Pallavaram Village, Tambaram in the State of Tamil Nadu. In support of its
claim of ownership over the suit property GWL appears to be placing
reliance upon two sale deeds one dated 10th March, 1922 (document No.1551
of 1922) and the other dated 27th June, 1922 (document No.1575 of 1922).
SNP Ventures Pvt. Ltd. who claims to be in actual physical possession of
the suit property in the meantime appears to have approached the Sub-
Registrar's office at Saidapet to verify the genuineness of the two sale
deeds relied upon by GWL. Verification revealed that both the sale deeds in
question pertained to transactions between some private parties and had no
connection whatsoever with GWL. The Sub-Registrar also informed the
complainant that there was no transaction during the year 1922 in respect
of the subject lands at Jameen Pallavaram.
4. It was on the basis of the above information that the complainant
filed a complaint against the respondents alleging commission of offences
punishable under Sections 468 and 471 of the IPC. Crime No.41/10 was
accordingly registered in the Central Crime Branch, Chennai Suburban, St.
Thomas Mount for the said offences against respondents 2, 3 and 4.
Aggrieved, the respondents filed Criminal O.P. No.15917 of 2010 for
quashing of the FIR as also investigation in connection therewith which
petition was heard and allowed by a Single Judge of the High Court of
Madras by an order dated 15th February, 2011 quashing registration of the
case as also the proceedings based on the same. The High Court called in
aid two precise reasons for doing so. Firstly, the High Court held that the
allegations made in the complaint even if accepted in their entirety did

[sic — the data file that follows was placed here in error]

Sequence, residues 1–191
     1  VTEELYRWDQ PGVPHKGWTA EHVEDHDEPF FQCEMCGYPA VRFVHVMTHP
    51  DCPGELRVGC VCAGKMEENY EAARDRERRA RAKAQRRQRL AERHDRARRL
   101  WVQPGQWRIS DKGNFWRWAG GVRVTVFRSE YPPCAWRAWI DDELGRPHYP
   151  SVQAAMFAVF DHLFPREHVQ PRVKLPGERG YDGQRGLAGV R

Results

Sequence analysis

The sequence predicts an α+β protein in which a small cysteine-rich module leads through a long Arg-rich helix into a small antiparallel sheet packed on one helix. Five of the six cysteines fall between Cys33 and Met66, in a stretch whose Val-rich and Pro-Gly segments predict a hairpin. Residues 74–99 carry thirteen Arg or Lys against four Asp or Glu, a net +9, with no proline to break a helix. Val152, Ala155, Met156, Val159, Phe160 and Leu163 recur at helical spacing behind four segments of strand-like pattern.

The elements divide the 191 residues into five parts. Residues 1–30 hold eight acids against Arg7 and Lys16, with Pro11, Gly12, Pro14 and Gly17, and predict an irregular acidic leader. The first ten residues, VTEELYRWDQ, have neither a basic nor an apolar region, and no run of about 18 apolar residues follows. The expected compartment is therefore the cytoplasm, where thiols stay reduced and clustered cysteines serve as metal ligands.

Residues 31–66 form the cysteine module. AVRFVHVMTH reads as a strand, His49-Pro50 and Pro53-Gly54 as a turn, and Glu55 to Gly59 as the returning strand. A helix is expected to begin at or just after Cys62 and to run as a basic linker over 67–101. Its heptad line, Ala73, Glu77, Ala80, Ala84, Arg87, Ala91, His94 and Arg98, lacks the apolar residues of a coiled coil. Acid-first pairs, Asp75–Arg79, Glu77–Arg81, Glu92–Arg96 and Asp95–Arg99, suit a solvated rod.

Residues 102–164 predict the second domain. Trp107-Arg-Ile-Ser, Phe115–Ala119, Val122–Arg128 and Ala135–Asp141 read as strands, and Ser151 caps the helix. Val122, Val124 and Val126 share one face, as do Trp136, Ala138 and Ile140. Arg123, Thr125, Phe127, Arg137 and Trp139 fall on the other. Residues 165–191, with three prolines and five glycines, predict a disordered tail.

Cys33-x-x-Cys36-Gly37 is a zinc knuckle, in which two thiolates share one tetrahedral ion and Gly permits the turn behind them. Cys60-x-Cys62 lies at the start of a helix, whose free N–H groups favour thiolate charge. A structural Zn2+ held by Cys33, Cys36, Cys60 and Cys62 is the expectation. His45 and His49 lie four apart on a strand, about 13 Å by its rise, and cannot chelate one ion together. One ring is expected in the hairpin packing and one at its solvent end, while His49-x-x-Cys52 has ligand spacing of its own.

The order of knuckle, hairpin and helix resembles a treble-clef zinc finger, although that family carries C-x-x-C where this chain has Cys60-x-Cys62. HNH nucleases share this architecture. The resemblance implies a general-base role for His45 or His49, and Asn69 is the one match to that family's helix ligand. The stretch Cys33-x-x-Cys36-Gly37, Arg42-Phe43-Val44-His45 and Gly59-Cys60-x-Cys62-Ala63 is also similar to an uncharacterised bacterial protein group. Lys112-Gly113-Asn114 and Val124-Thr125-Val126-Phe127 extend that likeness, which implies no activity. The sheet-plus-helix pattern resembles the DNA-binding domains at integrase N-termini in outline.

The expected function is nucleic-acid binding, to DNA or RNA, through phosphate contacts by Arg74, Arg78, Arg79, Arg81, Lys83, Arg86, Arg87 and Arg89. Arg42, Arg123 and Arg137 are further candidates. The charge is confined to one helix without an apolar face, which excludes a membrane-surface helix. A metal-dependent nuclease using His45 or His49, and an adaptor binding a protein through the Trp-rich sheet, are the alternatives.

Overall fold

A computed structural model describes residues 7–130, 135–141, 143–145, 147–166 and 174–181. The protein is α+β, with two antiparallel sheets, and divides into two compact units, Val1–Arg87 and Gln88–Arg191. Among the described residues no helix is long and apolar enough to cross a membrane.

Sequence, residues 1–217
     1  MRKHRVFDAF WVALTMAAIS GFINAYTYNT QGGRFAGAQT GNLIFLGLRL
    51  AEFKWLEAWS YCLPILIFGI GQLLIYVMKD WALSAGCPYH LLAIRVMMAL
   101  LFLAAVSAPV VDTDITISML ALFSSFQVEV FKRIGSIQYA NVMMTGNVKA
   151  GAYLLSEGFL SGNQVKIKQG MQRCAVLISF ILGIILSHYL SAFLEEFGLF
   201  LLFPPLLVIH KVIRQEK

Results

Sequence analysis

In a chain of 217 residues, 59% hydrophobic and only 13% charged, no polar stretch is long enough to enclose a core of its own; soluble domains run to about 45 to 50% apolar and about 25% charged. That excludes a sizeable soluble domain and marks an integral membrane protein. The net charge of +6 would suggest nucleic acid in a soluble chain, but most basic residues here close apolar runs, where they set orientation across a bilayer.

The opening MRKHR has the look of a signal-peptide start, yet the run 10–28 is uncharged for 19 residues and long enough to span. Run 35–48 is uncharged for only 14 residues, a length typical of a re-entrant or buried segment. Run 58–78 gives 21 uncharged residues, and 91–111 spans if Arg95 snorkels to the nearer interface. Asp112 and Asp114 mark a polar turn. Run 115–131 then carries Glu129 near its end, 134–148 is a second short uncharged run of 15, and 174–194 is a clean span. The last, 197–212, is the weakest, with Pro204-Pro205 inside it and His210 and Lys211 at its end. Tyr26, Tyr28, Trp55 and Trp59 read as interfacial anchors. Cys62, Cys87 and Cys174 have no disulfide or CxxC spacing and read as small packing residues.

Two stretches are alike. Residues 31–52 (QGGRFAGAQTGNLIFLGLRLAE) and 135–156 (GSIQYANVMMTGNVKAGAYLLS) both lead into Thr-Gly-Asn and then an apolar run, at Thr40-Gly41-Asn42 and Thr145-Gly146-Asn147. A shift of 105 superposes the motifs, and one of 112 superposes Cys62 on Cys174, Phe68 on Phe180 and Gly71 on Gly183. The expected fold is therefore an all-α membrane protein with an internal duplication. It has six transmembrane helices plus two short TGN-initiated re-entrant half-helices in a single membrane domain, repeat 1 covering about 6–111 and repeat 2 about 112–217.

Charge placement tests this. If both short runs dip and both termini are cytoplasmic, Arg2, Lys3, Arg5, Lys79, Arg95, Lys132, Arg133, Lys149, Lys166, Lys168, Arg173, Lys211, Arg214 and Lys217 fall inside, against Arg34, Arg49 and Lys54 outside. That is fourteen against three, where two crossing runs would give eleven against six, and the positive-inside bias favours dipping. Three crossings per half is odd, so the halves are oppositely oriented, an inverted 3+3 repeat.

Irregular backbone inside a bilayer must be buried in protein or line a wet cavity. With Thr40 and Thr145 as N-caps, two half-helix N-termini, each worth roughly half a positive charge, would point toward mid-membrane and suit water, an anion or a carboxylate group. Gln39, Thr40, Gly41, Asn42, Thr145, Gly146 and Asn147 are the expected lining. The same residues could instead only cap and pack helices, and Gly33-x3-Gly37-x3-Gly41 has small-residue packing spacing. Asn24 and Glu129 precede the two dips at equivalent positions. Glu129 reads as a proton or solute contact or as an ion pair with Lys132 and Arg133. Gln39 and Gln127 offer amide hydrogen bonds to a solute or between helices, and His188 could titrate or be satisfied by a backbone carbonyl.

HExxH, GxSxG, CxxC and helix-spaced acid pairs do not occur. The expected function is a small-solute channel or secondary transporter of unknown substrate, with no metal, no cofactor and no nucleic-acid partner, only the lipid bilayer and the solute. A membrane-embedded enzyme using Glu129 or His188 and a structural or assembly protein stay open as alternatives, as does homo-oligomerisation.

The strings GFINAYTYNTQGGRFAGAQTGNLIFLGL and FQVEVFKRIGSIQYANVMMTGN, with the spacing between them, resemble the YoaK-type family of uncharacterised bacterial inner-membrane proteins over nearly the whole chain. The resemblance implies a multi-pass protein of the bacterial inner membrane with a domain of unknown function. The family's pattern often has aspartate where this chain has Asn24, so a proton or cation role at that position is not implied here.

not prima facie constitute an offence or make out a case against the
respondents herein. Secondly, the High Court held that no Court could, in
view of the bar contained in Section 195 Cr.P.C., take cognizance of
offences in question except on a complaint in writing made by the court or
the public servant concerned. The present appeal assails the correctness of
the said order passed, as already noticed above.
5. Appearing for the appellant, Mr. K.K. Venugopal, learned senior
counsel, argued that the High Court had fallen in a palpable error in
interfering with the ongoing investigation. The complaint filed by the
appellant, argued the learned counsel, made specific allegations against
the respondents which could not be brushed aside without a proper
verification of the correctness thereof in the course of investigation. In
support of his submission he placed reliance upon the decision of this
Court in State of Karnataka and Anr. v. Pastor P.Raju (2006) 6 SCC 728. He
urged that the High Court could not interfere with an ongoing investigation
except under compelling circumstances or where the complaint did not make
out any case even if the allegations made therein were taken at their face
value. He further contended that the High Court was in error in relying
upon Section 195 of Cr.P.C. while quashing the investigation. Section 195,
argued Mr. Venugopal, was applicable to cases in which the alleged
fabrication of the document had taken place while the same was in the
custody of the court. That was not the position in the case at hand.
Reliance in support of that contention was placed by Mr. Venugopal upon a
Constitution Bench decision of this Court in the case of Iqbal Singh Marwah
and Anr. v. Meenakshi Marwah and Anr. (2005) 4 SCC 370.

6. Per contra, Mr. Jayant Bhushan, learned senior counsel appearing
for the respondents 2, 3 and 4 argued that while the complaint and the
registration of the case was not hit by the provisions of Section 195 of
the Cr.P.C. in the light of the decision of the Constitution Bench of this
Court referred to above, yet keeping in view the fact that the question of
validity and genuineness of the sale deeds relied upon by GWL was the
subject matter of a pending civil suit it would be an unnecessary and
avoidable harassment for the respondents if the investigation is allowed to
proceed even before the Civil Court records a finding regarding the
genuineness of the sale deeds.
7. The legal position regarding the exercise of powers under Section
482 Cr.P.C. or under Article 226 of the Constitution of India by the High
Court in relation to pending criminal proceedings including FIRs under